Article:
Many organizations have several channels to develop content for, so a roadmap will help you understand what results you’re getting, where, and why.

Defining Your Internal Audience

If you’re ready to create your marketing operations roadmap, the first step is to define your internal audience. Everyone across your organization will benefit from greater visibility into your strategic marketing efforts; however, each team will have a different interest based on how the plan affects their work.

Executive Leadership

Your executive leadership is most concerned with how your marketing operations initiatives and campaigns fit into the corporate strategy.

It’s essential to present your planned efforts in context with your strategic marketing goals. This will help you show executives how your work will impact your business.

Customer Support

Anyone who has direct contact with your target audience should be familiar with any marketing messages so that they can anticipate customer response.

An email campaign, for example, may lead to a barrage of tickets. Sharing your operations roadmap that includes specific activities with the potential to affect customer outreach will help your customer support team prepare.


Any marketing tasks that impact your organization’s overall technology infrastructure should be on your IT team’s radar.

If you’re planning to implement a new marketing automation system, for example, you should create a roadmap that keeps your IT team in the loop.

Sales Team

Your sales team should know which marketing initiatives happen when. Sharing key events (such as a tradeshow or webinar) and the availability of new tools through a roadmap is ideal.

Product Team

Your marketing team should work closely with your product team to drive effective product launches.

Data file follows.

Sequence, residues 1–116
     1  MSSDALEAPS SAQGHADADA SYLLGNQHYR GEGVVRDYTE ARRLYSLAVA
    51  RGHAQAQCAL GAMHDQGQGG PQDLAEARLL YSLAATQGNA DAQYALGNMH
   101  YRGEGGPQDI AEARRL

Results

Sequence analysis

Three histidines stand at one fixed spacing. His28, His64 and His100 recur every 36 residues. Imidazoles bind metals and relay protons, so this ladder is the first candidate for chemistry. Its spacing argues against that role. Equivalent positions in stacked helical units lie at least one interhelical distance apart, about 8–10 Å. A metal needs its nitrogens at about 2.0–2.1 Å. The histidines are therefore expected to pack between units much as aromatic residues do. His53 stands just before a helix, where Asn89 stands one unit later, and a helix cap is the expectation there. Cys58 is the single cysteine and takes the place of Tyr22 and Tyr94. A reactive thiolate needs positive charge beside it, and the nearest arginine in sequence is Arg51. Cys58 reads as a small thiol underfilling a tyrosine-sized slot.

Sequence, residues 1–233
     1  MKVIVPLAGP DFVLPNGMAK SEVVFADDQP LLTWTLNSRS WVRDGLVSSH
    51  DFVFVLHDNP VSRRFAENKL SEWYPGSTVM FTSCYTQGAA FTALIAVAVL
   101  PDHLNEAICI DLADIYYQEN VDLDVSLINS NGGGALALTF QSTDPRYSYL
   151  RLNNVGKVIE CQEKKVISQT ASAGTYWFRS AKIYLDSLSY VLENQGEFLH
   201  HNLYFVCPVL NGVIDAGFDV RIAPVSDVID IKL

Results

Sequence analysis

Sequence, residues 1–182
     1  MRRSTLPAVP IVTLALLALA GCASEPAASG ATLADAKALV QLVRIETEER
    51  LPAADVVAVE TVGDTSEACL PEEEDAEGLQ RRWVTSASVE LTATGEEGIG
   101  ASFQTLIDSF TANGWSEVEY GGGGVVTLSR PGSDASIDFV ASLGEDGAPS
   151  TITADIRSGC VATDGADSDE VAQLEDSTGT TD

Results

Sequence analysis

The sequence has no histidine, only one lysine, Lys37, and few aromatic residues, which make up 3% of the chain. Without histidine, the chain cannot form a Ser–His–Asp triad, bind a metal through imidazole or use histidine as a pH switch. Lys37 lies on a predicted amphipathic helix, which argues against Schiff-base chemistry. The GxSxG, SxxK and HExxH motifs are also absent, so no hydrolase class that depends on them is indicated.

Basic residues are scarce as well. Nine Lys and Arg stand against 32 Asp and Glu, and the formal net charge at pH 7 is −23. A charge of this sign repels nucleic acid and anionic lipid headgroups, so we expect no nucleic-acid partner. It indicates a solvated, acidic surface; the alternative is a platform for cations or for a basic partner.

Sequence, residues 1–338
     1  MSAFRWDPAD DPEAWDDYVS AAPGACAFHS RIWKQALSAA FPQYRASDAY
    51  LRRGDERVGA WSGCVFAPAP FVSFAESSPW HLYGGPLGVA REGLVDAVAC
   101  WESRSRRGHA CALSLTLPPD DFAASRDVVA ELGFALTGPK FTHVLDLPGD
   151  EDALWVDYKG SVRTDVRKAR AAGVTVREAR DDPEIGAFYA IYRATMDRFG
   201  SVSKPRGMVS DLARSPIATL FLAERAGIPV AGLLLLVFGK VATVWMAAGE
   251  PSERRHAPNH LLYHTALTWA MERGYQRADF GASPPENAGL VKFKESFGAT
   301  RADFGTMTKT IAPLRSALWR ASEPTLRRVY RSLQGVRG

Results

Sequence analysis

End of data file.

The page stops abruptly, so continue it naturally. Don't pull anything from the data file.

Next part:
A go-to-market roadmap coordinates the timing of product launches and marketing campaigns so you can maximize any promotional opportunities.

Marketing Team

Finally, your entire marketing team will benefit from a plan that outlines what you want to accomplish and when.

Visualizing upcoming activities on a roadmap will improve communication and collaboration. It also focuses your marketing team on what’s required to achieve strategic marketing goals.

Your next task is to whittle this list of stakeholders down a bit to understand what your audience truly cares about.

Remember, a roadmap isn’t really for the marketing operations team. You must tailor it to inform essential teams about your strategy and answer any questions they have.

Each set of stakeholders has a unique set of motivations. Each team cares about the company’s overall success, but they’re focused on individual aspects of it. Keeping that in mind will inform what you include on your roadmap and how you position it for optimal results.

Setting Objectives

When we discuss setting your objectives, we’re talking about the overall aim of your roadmap. Are you seeking investment? Looking for an additional budget? Providing an update or requesting resources?

Whatever your objectives are, you intend to reach them at the end of your roadmap, showing how the initiatives will net results that matter to your stakeholders.

Define the focus and scope of your roadmap early in the process. Always leave more room for detail for short-term plans rather than less-certain future possibilities.

Ground It in Metrics

Each aspect of your business depends on marketing initiatives for success or to improve profitability.

Match each objective in your roadmap with OKRs, KPIs, and other metrics that your entire organization is working toward. This demonstrates that your marketing operations team isn’t going rogue but working with the organization.

Metrics will show the money and effort spent on initiatives so that the roadmap has an obvious purpose.

The ability to measure the impact your marketing initiatives have on your goals is an additional benefit. Quantifiable results justify your associated spending, which validates your team’s approach.